Heartburn is the worst feeling. That burning gnawing in your chest and throat can ruin your days, leaving you coughing and hoarse, and your nights as you toss and turn unable to sleep through the pain. It’s a miserable feeling.
So it’s really no wonder that in 2013 an estimated 15 million Americans alone were taking proton pump inhibiting drugs (PPIs)—such as Nexium, Prilosec and Prevacid—designed to relieve heartburn symptoms by suppressing stomach acid. And that doesn’t even count the folks taking over-the-counter versions of these drugs.
But the evidence against taking PPIs has continued to pile up for years now.
PPIs can cause dangerous vitamin and mineral deficiencies that put you at risk for fractures and heart problems. They’ve been linked to vascular aging, which increases your risk for heart disease, heart attack and dementia.1,2,3
They may make it more likely for you to develop certain serious and even life-threatening infections such as pneumonia and C.diff.4 And a study published in early 2016 in JAMA Internal Medicine concluded PPIs significantly raise your risk of developing chronic kidney disease.5
Stroke risk skyrocketed in PPI users!
Now a new Danish study has reached another startling conclusion about the consequences of using these drugs. According to the research presented at the American Heart Association 2016 Scientific Sessions in New Orleans, using PPIs could raise your risk of ischemic stroke by 20 percent.6
In other words, these drugs are bad news and if you’re already on one you should talk with your doctor about weaning yourself off of it. You should never just stop a PPI cold turkey because they can cause a wicked rebound effect, causing your heartburn to come rushing back worse than ever.
But you don’t have to simply suffer through the heartburn. In fact there are a number of effective home remedies that can quickly soothe the burning pain and even help keep it from coming back.
Following are six of our favorite drug-free solutions for relieving heartburn…
1. Raw potato juice:
Rinse a whole potato off and pop it into a juicer. Drink the potato juice for some instant soothing relief from heartburn pain.
2. Fresh pineapple and papaya:
Both of these tropical fruits contain enzymes that help break down food so it’s easier to digest. Pineapple contains betaine, an enzyme that helps break down proteins and papaya contains papain, which helps break down fiber. Eating the fresh fruits before or directly after a meal may stop heartburn before it even starts.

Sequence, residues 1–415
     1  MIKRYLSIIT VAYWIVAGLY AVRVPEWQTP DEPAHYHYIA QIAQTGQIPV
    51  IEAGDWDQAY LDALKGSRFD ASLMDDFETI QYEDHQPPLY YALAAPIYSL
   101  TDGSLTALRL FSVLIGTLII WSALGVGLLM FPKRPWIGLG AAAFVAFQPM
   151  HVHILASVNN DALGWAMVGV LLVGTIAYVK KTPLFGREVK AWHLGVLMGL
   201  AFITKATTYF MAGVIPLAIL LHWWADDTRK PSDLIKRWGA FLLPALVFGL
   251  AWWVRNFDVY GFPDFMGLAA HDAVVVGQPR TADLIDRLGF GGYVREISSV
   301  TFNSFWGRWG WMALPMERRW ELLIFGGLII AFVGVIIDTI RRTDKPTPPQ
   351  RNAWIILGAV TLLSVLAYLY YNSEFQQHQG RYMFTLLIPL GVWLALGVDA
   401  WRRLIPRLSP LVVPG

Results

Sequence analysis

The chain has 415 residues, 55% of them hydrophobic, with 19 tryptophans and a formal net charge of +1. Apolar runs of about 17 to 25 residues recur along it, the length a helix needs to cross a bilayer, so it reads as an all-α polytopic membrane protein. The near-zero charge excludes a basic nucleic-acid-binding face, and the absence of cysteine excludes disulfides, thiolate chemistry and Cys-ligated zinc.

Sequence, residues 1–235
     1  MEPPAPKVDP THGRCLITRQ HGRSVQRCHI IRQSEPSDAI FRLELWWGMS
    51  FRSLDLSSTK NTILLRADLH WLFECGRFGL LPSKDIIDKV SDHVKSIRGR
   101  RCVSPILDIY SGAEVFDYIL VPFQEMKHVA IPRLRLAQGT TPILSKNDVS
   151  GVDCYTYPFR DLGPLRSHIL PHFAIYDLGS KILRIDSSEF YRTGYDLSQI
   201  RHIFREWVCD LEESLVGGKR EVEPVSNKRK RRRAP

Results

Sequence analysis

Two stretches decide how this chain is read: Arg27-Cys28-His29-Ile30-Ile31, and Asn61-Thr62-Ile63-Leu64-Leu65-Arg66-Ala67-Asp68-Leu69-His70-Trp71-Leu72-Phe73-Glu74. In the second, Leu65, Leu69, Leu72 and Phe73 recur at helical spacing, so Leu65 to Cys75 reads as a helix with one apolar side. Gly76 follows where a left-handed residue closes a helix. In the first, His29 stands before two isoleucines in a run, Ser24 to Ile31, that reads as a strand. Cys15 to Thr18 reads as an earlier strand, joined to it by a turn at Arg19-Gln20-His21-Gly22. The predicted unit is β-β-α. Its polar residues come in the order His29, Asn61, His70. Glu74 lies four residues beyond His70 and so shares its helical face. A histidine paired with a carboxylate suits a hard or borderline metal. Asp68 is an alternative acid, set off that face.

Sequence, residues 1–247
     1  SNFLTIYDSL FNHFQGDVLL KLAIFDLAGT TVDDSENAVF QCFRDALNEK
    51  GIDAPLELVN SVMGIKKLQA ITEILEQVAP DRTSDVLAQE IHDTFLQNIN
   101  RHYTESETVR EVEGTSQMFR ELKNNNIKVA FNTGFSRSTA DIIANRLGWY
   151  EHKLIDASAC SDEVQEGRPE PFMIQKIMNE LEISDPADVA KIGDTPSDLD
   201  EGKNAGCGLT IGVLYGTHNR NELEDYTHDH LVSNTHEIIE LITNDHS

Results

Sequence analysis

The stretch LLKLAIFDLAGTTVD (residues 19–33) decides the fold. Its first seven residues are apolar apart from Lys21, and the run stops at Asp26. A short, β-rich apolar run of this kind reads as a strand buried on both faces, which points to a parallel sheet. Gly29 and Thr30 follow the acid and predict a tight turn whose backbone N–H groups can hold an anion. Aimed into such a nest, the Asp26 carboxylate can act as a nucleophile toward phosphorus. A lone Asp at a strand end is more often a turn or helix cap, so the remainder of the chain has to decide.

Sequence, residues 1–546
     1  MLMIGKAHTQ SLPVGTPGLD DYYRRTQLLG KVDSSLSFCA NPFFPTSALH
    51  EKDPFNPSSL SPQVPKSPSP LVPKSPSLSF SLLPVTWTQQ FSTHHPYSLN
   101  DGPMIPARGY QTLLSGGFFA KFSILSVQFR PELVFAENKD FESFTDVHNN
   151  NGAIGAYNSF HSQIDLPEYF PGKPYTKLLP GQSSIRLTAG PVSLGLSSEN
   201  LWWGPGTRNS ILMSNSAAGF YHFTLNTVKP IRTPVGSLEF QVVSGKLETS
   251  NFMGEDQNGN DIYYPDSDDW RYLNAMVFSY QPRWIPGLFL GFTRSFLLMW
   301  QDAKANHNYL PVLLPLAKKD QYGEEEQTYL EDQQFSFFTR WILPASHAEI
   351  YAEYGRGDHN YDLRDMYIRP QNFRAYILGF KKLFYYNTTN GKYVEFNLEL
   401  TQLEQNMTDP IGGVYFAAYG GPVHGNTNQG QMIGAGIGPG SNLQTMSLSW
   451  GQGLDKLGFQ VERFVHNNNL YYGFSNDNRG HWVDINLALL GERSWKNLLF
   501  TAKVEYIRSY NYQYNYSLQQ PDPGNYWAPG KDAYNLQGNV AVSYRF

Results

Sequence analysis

3. Fennel seed tea:
Steep about 2 tablespoons of fennel seeds in a cup of boiling water for two minutes and then sip until gone to reverse heartburn quickly.
4. Baking soda:
Dissolve 1/2 teaspoon to a full teaspoon of baking soda in 8 ounces of cool water and drink slowly. The baking soda will help neutralize your stomach acid providing some quick relief. (If you’re salt sensitive you might want to avoid this one.)
5. Chewing gum:
If you’re prone to heartburn make a habit of chewing sugar-free stevia sweetened gum after every meal for thirty minutes. Chewing the gum will stimulate your salivary glands increasing saliva flow and diluting any acid build up.
6. Apple cider vinegar:
Believe it or not heartburn is often the result of having low stomach acid. Acid signals your lower esophageal sphincter to close so that partially digested food and acid don’t escape causing the burn we dread. So not having enough acid in your stomach may mean the sphincter remains partially open leading to heartburn. Mix a tablespoon of raw unfiltered apple cider vinegar into a glass of cool water and sip before or during your meal.
1. “Proton Pump Inhibitors Accelerate Endothelial Senescence,” Circ Res. 2016 Jun 10;118(12):e36-42.
2. “Proton Pump Inhibitor Usage and the Risk of Myocardial Infarction in the General Population,” PLOS One, Published: June 10, 2015
3. “Proton Pump Inhibitors and the Risk of Adverse Cardiac Events,” PLOS One, Published: December 27, 2013
4. “Perils and pitfalls of long-term effects of proton pump inhibitors,” Expert Rev Clin Pharmacol. 2013 Jul;6(4):443-51.
5. “Proton Pump Inhibitor Use and the Risk of Chronic Kidney Disease,” JAMA Intern Med. 2016;176(2):238-246
6. “Abstract 18462: Proton Pump Inhibitor Use Increases the Associated Risk of First-Time Ischemic Stroke. A Nationwide Cohort Study,” [presented at the American Heart Association’s Scientific Sessions 2016]. Abstract 18462. November 12-16, 2016. New Orleans, Louisiana.
She is an advocate of self-education and is passionate about the power of group knowledge sharing, like the kind found right here on HealthierTalk.com. Alice loves to share her views on holistic and natural healing as well as her, sometimes contentious, thoughts on the profit-driven inner workings of traditional medicine.
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